The rise of the a la carte ‘nones’

A growing number of people in countries like Ireland and the US say they don’t belong to any religion. When filling out a census form or responding to an opinion poll they might tick the box marked ‘none’. But is this the same as saying they have no religion at all? Funnily enough, it doesn’t mean that by any means because many ‘nones’ do believe in God, or at least in some kind of ‘higher power’.

A new survey from the Pew Forum asks a sample of more than 4,000 Americans whether they believe in God, and if so, what sort of God they believe in.

About a quarter of respondents fall into the ‘unaffiliated’ category, which is to say they do not belong to particular religion. However, 70pc of this group believe in God (17pc) or a higher power (53pc). Weirdly, 18pc of self-declared atheists say they believe in the God of the Bible, which probably means they didn’t understand the question!

When Census 2016 was conducted, 10pc of people ticked the ‘none’ box in the religion section. Some people were quick to claim them as atheists. But that is far too hasty, as we can see from the poll quoted above.

You might say that is America and this is Ireland. Our ‘nones’ are genuine ‘nones’. An RTE exit poll conducted on the same day as the General Election of three years ago shows otherwise. In that poll, 14pc said they don’t belong to any religion, but just a third of these said they were atheists or agnostics and the rest said they were ‘spiritual’.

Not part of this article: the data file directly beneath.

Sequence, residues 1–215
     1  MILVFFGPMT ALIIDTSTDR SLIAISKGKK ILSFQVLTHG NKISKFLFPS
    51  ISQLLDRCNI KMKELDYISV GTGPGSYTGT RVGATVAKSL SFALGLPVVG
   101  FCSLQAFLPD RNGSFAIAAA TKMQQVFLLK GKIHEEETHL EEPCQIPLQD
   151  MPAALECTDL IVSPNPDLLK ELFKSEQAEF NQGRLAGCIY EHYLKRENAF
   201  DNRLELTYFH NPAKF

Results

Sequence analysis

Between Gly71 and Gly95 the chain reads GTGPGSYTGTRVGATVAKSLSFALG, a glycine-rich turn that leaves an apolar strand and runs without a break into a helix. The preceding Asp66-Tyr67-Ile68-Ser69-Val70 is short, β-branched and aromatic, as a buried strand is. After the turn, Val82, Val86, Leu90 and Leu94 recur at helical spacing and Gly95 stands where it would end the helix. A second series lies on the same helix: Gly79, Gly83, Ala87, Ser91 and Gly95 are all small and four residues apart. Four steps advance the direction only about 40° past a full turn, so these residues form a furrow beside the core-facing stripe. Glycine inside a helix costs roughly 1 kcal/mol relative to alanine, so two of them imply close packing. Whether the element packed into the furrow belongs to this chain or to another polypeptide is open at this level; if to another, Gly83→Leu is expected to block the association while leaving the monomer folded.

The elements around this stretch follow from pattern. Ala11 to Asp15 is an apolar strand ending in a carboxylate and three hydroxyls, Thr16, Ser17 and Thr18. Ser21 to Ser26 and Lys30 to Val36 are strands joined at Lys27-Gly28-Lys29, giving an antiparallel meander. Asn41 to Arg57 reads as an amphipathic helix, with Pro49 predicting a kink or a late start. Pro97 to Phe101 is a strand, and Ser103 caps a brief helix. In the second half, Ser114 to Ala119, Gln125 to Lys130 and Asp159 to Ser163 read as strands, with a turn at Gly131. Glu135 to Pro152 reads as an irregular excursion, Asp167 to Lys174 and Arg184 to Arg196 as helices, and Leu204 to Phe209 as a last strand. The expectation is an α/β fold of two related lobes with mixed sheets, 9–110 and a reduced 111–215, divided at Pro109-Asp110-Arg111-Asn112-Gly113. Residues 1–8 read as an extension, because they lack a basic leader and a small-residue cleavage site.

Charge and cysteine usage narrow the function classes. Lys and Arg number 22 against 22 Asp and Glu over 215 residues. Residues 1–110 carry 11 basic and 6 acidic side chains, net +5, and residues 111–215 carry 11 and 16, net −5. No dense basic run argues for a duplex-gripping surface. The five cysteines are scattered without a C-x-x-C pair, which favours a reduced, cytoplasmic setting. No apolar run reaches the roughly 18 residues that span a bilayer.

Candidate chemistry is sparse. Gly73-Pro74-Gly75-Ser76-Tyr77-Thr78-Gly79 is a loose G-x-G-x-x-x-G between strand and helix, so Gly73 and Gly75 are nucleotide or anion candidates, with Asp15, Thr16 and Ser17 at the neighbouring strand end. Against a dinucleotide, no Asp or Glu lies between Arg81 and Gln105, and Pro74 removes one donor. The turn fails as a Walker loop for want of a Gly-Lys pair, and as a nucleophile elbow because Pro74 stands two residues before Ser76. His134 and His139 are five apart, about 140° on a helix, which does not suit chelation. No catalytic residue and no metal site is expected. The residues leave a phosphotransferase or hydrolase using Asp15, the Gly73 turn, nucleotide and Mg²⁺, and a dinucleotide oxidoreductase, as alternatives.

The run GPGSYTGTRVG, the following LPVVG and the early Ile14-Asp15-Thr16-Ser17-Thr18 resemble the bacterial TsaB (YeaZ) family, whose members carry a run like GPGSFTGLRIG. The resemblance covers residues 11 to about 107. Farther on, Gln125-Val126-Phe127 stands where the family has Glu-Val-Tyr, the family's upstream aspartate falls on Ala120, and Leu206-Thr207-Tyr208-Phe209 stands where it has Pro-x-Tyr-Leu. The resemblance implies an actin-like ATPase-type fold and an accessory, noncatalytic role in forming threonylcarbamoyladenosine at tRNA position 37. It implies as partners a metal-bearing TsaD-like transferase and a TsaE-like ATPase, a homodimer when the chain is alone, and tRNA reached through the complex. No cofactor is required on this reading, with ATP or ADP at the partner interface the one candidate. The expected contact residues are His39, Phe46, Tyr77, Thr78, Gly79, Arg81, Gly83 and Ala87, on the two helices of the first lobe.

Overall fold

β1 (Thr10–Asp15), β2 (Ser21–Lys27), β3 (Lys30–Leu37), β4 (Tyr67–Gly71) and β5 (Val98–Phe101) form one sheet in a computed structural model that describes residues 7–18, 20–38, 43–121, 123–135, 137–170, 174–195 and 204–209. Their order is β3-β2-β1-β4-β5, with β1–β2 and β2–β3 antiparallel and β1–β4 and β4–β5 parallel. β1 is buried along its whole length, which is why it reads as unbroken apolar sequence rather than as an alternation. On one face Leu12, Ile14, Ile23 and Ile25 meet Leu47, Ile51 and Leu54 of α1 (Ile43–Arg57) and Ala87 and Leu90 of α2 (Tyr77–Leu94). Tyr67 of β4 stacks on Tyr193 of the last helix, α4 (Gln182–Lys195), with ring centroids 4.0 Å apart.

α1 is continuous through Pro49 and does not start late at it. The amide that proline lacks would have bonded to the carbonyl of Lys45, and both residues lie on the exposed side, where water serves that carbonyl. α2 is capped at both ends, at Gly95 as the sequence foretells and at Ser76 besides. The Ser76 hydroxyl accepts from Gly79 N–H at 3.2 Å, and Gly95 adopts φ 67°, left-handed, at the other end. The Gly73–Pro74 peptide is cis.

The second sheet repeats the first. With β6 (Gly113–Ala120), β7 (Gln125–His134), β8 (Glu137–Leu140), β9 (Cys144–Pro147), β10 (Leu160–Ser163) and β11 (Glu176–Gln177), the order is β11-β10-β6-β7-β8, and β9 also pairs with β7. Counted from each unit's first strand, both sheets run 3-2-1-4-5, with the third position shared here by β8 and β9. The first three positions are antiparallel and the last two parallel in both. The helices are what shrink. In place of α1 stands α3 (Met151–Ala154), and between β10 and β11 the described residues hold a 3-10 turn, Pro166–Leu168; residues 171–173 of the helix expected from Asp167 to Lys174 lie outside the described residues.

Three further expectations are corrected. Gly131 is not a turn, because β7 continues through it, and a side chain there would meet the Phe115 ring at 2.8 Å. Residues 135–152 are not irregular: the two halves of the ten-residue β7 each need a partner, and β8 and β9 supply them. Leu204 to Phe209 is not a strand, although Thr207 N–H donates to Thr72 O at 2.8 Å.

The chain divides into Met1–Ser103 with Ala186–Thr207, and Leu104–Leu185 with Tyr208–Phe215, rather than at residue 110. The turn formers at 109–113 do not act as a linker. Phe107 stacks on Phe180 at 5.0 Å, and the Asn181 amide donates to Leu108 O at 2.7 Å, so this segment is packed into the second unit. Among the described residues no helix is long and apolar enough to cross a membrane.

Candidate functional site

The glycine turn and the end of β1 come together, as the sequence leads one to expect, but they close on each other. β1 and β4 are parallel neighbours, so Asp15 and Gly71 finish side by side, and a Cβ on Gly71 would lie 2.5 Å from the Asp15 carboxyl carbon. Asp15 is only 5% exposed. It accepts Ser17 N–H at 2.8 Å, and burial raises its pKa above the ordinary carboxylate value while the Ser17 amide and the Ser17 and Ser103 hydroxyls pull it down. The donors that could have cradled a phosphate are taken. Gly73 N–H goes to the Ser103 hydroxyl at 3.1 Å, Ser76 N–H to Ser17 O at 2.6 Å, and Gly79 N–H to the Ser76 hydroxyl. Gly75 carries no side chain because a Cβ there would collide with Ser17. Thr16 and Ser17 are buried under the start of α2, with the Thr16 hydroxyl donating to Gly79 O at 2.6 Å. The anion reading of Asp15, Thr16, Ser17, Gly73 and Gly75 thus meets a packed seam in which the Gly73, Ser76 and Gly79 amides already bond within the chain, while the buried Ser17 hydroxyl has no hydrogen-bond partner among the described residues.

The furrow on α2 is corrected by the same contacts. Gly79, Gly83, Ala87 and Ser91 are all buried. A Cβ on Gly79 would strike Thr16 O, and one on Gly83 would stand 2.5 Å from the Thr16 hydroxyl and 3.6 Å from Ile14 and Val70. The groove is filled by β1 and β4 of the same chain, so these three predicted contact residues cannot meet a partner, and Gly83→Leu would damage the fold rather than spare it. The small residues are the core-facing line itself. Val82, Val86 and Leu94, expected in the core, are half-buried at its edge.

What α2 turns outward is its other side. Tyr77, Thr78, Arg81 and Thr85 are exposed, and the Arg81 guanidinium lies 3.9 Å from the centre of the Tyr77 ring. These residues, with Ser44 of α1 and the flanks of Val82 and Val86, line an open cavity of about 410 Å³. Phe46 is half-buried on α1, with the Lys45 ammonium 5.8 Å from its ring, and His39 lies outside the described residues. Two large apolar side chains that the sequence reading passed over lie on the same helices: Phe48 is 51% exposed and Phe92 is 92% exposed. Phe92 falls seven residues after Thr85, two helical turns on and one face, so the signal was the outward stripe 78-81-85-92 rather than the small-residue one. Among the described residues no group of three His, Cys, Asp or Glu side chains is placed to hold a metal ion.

In other words, this is complicated. When a person tells a pollster they are ‘Catholic’, or ticks that box on the census form, those people cannot automatically be claimed as faithful, practicing Catholics. They might rarely go to church and could often disagree with Catholic teachings on a whole range of fundamental issues. That is to say, they are ‘a la carte’.

But by the same token, lots of the ‘nones’ are ‘a la carte’ as well. When a person ticks the box to say they are Catholic or Christian, we can’t make too many other easy assumptions about them. Likewise, we can’t make too many easy assumptions when a person ticks the ‘none’ box either.